Well hello, so good to have your company. Sit ye down in a comfy spot and prepare yourself for a visual treat, for at last it's ta-dah time!!! As ever I am bubbling over with the excitement that goes hand in hand with the giddy showing off of creative endeavours. I apologise in advance if this post gets out of hand, only I have just previewed the photo uploads and OH MY. This is going to be one truly photogenic ta-dah, it really is.
Before we commence with the project reveal, lets just have a little Hook Talk shall we? Many of you asked about the hook I've been using (the dotty-spotty one) which appeared in the last post. I have to tell you I absolutely adore using this hook. Not only is it drop-dead-gorgeous but it also feels wonderful to hold and seems to magically enhance my crocheting speed. Sadly I can't tell you where it came from as it was a gift from a very generous visitor to the Attic, sent all the way to my door from Germany. As far as I can tell, the hook itself is a normal metal crochet hook with the handle made from polymer clay. In theory then, it should be possible for one to obtain some packets of colourful polymer clay and make ones own colourful hooky handles don't you think? Or else you could always commission someone else to do the work for you :: take a look at these, oh and these too. Yes, yes I know, The Wanties are pretty bad sometimes aren't they?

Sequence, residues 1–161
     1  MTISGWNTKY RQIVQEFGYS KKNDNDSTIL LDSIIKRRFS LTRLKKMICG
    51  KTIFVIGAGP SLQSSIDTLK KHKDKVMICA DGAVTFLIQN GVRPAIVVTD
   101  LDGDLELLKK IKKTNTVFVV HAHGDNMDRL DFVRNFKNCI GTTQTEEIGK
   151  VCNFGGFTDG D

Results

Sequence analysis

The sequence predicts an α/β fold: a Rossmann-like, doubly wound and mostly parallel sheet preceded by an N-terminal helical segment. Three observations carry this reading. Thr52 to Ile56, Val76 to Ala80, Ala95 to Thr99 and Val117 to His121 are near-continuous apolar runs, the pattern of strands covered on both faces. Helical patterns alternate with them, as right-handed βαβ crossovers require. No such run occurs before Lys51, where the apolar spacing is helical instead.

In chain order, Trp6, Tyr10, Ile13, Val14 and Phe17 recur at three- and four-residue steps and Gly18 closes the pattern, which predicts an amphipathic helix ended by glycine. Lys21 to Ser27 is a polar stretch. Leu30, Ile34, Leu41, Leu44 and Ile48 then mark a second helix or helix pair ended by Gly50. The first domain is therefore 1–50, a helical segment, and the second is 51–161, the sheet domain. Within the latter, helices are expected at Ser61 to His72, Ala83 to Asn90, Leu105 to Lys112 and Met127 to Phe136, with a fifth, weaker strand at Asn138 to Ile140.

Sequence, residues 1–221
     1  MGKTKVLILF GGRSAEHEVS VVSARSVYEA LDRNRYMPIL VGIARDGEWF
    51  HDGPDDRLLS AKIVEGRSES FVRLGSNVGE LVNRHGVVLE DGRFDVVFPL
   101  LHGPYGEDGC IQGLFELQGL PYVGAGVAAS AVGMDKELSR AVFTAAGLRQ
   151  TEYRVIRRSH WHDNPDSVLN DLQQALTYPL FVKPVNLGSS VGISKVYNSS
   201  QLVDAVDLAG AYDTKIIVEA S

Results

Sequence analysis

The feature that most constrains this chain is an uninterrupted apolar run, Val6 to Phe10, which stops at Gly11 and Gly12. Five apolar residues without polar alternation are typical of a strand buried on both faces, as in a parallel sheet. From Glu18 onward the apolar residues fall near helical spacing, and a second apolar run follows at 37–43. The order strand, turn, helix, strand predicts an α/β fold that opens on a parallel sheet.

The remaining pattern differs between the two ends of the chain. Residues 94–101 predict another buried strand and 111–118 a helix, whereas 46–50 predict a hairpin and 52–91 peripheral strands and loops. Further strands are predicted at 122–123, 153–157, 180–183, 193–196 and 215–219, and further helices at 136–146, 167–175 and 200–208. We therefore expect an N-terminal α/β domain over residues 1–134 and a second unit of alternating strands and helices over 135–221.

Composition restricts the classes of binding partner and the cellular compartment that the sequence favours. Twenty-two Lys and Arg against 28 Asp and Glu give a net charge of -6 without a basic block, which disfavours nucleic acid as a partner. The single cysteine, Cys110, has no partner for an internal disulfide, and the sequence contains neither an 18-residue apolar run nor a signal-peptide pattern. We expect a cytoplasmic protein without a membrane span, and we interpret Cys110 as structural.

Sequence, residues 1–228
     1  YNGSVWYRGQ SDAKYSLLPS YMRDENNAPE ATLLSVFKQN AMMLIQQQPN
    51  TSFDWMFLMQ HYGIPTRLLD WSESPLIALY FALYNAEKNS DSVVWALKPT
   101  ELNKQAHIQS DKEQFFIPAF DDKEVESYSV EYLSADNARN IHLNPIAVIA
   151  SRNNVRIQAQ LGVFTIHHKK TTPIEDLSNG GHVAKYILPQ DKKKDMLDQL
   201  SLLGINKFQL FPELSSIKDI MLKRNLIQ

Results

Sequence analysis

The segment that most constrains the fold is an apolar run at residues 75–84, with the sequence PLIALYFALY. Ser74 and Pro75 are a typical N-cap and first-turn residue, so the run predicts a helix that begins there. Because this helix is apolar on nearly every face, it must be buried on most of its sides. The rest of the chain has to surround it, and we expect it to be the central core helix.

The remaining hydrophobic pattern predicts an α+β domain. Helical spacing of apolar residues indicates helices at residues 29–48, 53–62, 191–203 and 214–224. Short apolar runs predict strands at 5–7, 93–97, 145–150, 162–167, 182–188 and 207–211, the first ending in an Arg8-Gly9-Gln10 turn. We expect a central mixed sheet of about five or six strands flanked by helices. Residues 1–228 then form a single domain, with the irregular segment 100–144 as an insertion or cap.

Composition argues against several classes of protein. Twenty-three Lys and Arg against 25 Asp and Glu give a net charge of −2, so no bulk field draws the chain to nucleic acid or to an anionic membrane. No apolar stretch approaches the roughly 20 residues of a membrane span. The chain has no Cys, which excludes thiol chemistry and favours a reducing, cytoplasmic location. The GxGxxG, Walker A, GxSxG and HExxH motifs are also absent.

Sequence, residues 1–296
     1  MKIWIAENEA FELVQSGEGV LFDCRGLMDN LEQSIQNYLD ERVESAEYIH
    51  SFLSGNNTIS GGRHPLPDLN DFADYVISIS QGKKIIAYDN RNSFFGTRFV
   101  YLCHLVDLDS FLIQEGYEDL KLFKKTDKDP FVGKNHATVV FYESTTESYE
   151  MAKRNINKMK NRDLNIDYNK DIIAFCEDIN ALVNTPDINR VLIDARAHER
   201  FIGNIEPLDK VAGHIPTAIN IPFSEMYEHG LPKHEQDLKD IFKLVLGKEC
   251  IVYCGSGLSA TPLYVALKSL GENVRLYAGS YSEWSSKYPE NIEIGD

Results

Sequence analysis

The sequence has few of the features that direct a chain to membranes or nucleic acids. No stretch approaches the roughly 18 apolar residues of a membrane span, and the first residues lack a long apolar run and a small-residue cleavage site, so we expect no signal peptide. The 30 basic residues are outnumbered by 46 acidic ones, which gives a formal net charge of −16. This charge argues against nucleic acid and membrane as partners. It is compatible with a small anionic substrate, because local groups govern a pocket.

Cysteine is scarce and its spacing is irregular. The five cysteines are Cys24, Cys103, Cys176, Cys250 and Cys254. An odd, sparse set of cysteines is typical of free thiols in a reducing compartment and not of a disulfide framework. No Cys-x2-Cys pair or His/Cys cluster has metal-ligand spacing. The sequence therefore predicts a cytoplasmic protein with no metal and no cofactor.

So on with the crochet stuff now then......my latest project has provided me with such a huge amount of fun, I've absolutely loved working these layers. Love love love loved it. It's been quite a frivolous indulgence, making something for myself just to see if I could. A hooky challenge. I wanted to see if I could take an idea that's been sitting in my Creative Mind for quite some time and pull it through to successful reality.